Philippians 4:19

"She gets up while it is still dark; she provides food for her family..."
Proverbs 31:15a

Up to simplify shopping--and save money while you're at it!


Since we haven't been much of anyplace in a loooong time, we decided to take a last-minute mini-trip to Grandma's in honor of having a couple of days off this week.
Got a room at a nearby motel that we've stayed at before (and had internet). But this time we got a second-floor room (farther from the front desk and the only wireless signal). When I called to see why I couldn't connect, the night-guy didn't tell me that the rooms aren't wireless and he didn't tell me that they had dsl modems to use.
So, all my grand plans to type to my hearts' content after all my guys were sleeping didn't materialize. Maybe I needed sleep more than I needed to be on the computer!

The mind of man plans his way, But the LORD directs his steps.
Proverbs 16:9

All that to say, check back tomorrow-ish. With all the shopping/cooking/feasting on the horizon I'm working on a couple things about finding purpose in the process.

A Woman of Strength

I stopped by Lysa TerKeurst's site Monday and she was telling how her usual 4 mile run turned into a half marathon by accident. I can't imagine!

I've kind of always hated strenuous physical activity. I used my asthma to be virtually excused from most running-related PE classes. When I got to high school and we got to choose which sports we'd do for our PE classes, I chose things like played doubles tennis (you only had to cover half the court), badminton and bowling (I can still keep score without using the computerized scoring system.)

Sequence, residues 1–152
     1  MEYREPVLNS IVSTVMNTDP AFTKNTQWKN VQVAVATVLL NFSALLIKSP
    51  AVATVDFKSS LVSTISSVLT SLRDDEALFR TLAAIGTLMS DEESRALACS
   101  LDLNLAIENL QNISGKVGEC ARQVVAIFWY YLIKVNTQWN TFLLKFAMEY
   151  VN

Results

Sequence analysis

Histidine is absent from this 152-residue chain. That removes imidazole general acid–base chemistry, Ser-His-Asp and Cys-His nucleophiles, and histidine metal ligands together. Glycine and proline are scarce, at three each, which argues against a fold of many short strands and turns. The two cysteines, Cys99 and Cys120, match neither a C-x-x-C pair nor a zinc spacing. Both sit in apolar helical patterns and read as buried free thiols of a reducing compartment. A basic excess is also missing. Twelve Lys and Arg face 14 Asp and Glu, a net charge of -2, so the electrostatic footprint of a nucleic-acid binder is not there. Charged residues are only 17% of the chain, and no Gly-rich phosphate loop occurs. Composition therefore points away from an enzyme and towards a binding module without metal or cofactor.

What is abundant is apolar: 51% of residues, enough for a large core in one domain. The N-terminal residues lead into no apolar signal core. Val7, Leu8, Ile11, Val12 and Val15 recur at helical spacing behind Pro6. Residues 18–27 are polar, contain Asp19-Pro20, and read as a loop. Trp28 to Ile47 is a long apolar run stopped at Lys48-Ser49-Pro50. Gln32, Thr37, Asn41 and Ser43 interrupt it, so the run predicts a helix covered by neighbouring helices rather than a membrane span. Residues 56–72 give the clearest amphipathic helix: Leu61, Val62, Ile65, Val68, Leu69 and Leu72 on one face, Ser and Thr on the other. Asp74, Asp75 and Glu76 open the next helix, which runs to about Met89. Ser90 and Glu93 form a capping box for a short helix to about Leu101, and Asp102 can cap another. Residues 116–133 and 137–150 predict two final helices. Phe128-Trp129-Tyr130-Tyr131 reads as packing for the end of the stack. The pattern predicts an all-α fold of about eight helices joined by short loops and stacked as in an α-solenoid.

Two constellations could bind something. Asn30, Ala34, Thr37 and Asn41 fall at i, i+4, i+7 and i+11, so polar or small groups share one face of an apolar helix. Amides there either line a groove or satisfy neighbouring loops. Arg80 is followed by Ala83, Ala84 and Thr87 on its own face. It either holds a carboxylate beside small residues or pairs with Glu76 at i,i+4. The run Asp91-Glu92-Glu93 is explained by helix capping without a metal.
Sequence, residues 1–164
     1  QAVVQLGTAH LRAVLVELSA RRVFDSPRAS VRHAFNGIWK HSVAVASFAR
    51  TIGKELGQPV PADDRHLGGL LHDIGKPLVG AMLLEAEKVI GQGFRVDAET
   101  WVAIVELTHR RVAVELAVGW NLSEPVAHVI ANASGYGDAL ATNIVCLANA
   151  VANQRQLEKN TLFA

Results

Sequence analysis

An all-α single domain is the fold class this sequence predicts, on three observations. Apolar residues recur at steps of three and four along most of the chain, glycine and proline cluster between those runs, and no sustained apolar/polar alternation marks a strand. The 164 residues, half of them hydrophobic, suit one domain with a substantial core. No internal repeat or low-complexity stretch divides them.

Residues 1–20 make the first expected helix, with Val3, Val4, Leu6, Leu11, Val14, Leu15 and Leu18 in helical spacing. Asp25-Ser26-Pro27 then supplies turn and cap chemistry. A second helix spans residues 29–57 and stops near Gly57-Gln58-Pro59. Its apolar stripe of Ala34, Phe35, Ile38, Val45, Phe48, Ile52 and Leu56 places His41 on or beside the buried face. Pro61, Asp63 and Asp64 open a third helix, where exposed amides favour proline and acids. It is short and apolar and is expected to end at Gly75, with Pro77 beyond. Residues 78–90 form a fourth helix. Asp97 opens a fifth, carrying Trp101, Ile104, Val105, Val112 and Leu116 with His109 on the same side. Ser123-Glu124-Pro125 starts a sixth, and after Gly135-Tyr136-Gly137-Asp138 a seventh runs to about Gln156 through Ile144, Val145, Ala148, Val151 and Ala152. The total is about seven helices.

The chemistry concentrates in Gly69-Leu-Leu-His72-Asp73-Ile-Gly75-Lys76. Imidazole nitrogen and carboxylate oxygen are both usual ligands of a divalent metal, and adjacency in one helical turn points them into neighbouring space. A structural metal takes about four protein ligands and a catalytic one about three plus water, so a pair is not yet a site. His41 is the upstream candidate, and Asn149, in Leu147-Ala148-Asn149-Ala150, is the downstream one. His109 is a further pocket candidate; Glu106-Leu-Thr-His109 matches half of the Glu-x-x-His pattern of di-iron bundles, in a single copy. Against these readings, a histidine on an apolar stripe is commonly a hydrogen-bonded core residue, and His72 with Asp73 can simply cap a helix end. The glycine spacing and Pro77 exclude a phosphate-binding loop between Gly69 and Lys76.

Eventually I all but gave up the "E" word (exercise). I don't know who first said it, but I heartily agreed with the sentiment, "Whenever I get the urge to exercise, I lie down until the feeling passes."

Once my school days were past, I figured I was home free—no one would pressure me to participate in sports or to "exercise." I fell well within the normal/healthy weight range for my age. I could walk the half-mile or so down the street to get an ice cream cone or a muffin without any trouble, and how strong did I need to be to work at a computer, anyway?

Apparently, I needed to be stronger than I was! When I began to have chronic neck and shoulder pain both on the job and off, I was sent to see a specialist. He confirmed that I had tendonitis and was on the verge of carpal tunnel syndrome. I hoped (and expected) his first recommendation to be to change the configuration of my workspace, which I suspected was the source of my trouble. But the first thing he said when he saw my poor grip-strength was that I needed to be stronger.

"Exercise." he said.

"Work with weights." he said.

"WHAT?!" I thought, "I work at a computer!"
I left that job a few months later, and most of my pain went with it, so I kind of forgot about needing to be stronger.